• Geographic location: Lupus has become more common in industrialized Western countries over the last 50 years. Researchers believe that the rate of lupus cases is lower in African and Asian countries compared to Western countries. However, women of African or Asian ancestry who live in Western countries are more likely to develop lupus than women of European ancestry.

How to Reduce Risk of a Formal Lupus Diagnosis 

Healthcare providers have not agreed on one standard diagnostic criteria for lupus which often makes it hard to diagnose the condition. However, most providers use the 2019 EULAR/ACR criteria—a set of criteria developed by the European Alliance of Associations for Rheumatology (EULAR)/American College of Rheumatology (ACR).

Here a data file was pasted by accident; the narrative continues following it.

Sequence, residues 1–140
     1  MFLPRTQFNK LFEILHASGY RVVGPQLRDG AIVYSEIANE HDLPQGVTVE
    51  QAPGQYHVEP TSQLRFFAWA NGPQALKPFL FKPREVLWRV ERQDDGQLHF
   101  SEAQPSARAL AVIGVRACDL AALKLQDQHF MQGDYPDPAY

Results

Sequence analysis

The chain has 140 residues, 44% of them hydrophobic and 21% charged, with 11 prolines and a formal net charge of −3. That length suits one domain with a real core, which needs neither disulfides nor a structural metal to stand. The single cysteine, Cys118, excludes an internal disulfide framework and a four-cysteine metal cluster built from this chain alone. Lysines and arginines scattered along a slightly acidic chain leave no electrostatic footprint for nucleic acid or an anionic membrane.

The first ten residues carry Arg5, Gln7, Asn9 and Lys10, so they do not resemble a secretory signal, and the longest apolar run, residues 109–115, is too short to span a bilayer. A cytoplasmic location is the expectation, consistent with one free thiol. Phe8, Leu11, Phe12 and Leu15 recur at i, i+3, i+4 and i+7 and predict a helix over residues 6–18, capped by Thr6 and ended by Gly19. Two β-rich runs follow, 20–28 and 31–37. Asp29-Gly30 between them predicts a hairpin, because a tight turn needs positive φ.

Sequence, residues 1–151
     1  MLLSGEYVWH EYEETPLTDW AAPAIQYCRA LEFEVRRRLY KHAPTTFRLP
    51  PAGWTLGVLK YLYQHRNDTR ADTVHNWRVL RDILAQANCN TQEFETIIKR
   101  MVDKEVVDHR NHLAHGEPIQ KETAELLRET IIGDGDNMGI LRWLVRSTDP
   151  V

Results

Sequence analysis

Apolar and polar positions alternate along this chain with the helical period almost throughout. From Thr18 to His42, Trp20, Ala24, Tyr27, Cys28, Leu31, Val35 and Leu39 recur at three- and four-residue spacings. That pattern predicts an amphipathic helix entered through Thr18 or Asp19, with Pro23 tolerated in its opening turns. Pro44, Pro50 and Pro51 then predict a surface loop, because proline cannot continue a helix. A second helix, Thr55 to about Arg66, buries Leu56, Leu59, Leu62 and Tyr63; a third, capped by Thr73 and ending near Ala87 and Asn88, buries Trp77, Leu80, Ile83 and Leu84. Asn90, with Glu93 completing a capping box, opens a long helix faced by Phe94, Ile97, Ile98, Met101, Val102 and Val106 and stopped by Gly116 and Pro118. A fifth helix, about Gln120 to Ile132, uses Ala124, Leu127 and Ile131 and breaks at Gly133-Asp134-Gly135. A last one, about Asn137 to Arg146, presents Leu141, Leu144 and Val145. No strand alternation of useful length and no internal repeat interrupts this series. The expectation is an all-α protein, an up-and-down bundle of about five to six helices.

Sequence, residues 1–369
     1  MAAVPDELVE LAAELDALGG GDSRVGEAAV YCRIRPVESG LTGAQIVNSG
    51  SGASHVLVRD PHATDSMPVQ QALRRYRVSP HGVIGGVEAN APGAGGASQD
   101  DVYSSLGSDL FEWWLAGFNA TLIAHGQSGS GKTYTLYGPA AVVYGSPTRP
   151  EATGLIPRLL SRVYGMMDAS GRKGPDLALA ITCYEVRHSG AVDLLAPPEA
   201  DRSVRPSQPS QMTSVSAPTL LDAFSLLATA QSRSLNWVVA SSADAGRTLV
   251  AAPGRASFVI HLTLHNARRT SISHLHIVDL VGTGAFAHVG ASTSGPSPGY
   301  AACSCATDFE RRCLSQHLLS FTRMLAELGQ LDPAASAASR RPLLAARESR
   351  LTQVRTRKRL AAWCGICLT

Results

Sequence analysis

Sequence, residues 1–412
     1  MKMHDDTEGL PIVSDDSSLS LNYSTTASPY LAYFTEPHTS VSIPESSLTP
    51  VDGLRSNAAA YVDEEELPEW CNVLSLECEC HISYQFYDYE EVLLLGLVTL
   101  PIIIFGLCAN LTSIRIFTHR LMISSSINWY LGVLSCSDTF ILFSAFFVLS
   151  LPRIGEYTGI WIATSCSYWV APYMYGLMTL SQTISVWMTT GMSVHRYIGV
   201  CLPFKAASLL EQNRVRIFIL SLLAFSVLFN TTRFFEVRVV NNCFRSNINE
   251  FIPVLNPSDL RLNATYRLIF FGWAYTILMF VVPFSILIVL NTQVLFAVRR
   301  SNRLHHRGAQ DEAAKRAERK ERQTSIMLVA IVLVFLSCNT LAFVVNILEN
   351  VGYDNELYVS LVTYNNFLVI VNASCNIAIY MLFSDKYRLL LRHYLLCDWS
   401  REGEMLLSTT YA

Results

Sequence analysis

The first criterion for a lupus diagnosis is to have a positive antinuclear antibodies (ANA) test result. After that, a person who is being tested for lupus must meet at least 4 out of 11 criteria to receive an accurate diagnosis for lupus. However, the EULAR/ACR classification criteria is not perfect.

While some people meet the criteria for lupus, other people who have symptoms that are not consistent with lupus don’t always meet enough criteria for a formal lupus diagnosis because their condition has not yet progressed enough. This is known as preclinical lupus.

Researchers believe that early intervention during the preclinical lupus stage can delay or even prevent the transition to classified lupus for some people. Examples of early interventions may include:

  • Starting treatment with hydroxychloroquine (the most common medication for lupus) before a formal lupus classification 
  • Getting ANA tested regularly to monitor your condition